If we are honest all of us have reacted like the people in the Gospel. “Please be quiet because you do not know God the way we know God.” That is where the crowd went wrong. There are no rules of behavior that will enable us to conform our lives to Christ. But in the same breath we will never say that following Christ is something that we can accomplish by wishing it to be so. Following Christ means that our entire being is engaged in the process and it involves effort on our part. Proper etiquette and a pious look are not the goal. Those things come as a natural result of a life devoted to Christ.

God is not so much the object of our knowledge as the cause of our wonder. We recognize that our God is greater than anything we can say or think about Him. So we find it necessary to refer to Him not just through direct statements but through pictures, images and our actions. Anything we say about God however correct falls short of the living truth if we say he is good or just, we must immediately add that His goodness and justice cannot be measured by human standards. If we say that He is love which He is we must clarify the fact that His love is so beyond our capabilities that He is beyond love. That’s why this Gospel lesson from Luke 18:35-43 is so meaningful. Bartemaius sees our Lord with his heart. Our Lord comes to us as we cry out for Him and he asks “what do you want me to do for you?” How will we answer Him? My prayer is that we answer Him with our hearts.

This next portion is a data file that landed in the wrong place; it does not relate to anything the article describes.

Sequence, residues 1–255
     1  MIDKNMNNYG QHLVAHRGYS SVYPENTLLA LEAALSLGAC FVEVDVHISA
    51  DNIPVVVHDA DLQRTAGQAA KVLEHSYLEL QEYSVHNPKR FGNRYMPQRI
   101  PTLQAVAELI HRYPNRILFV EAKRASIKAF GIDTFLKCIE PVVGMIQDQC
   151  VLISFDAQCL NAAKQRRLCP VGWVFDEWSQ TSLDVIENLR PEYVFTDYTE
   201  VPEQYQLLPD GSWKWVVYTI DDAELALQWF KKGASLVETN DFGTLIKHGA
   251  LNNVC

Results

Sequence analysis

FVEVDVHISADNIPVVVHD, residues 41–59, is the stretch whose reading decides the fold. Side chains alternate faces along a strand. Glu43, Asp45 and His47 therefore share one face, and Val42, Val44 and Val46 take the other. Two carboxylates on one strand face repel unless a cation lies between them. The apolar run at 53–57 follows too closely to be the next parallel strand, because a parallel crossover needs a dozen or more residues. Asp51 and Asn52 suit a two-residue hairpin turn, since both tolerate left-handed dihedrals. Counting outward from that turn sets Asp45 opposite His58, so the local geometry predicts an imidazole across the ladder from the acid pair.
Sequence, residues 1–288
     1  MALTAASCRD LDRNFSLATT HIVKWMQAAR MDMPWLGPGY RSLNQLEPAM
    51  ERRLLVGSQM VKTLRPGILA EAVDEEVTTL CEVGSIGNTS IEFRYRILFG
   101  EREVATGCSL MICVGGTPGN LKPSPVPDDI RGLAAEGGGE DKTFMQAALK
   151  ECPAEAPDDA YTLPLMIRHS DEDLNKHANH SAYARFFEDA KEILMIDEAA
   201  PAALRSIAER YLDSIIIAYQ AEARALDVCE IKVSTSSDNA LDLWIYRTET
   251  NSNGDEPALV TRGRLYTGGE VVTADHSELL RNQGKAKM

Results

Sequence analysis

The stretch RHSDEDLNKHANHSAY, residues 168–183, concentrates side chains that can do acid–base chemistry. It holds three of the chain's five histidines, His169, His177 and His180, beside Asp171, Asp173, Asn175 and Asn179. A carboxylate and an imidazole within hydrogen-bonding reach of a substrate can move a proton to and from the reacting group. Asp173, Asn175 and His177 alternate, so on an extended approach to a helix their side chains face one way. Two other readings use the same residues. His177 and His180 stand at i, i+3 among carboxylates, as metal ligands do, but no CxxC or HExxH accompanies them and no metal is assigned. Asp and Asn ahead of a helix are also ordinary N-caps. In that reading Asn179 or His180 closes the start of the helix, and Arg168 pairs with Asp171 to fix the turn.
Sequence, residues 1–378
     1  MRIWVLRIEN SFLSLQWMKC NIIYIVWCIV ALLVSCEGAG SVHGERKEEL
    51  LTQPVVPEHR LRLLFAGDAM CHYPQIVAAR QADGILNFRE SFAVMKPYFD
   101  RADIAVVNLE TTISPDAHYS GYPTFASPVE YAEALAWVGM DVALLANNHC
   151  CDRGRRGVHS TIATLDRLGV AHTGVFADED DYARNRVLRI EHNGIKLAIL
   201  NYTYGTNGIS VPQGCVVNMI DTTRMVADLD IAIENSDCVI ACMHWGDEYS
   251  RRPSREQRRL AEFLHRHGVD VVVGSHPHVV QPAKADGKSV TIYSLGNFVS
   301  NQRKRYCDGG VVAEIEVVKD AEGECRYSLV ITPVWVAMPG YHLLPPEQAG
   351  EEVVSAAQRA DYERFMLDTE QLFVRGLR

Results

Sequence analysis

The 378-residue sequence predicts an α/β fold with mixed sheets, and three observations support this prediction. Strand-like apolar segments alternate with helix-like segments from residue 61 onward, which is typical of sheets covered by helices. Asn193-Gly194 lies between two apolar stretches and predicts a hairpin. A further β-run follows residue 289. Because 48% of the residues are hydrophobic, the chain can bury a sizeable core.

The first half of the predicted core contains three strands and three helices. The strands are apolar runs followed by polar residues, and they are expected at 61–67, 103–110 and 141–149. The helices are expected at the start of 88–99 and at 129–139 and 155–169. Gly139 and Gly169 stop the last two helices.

Our purpose in this life is to imitate Him. This is what I want us to see, this is what I want us to thirst for. To imitate our Lord is to stop and listen to someone who is in need.  To imitate Jesus is to give hope to someone or to show that someone cares about them. We may not be able to cure a blind man or a crippled person, but we can let them know that we care.  We can listen to them. We can wipe away their tears, even if we cannot take away their pain.  We can notice them by taking time out of our busy lives. Our eyes are opened when we begin to see that every person we encounter is important to our salvation and our own well-being.   As Metropolitan Anthony Bloom said:

” …And I think that if we became even a small light – if we became nothing but a small handful of salt that prevents corruption – if we could bring a little hope to the hearts of people who have lost all hope, a little faith in the sense of trust and faithfulness and knowledge of God, a little love, we would be fulfilling our vocation.  This is what we should bring, each of us perhaps a crumb, all of us all we possess, and express this in the readiness to give without asking any return.”   (This Holy Man:  Impressions of Metropolitan Anthony, pg 159)

Your faith has made you well. An immediately they received their sight, and followed Him glorifying God. And all of the people when they saw it gave praise to God.


Image courtesy of Neil Moralee.

Fr Gregory Owen

Fr Gregory Owen

Fr. Gregory is the priest of a small, canonical Orthodox Mission in Berrien Springs, MI. Ordained as a priest in 2007, he desires to use his position as a priest to see souls healed through the life in Christ as prescribed by the Orthodox Church.

Previous post

A Calvinist Reads Calvin: Where Knowing Starts

Next post

Rise Up, O Church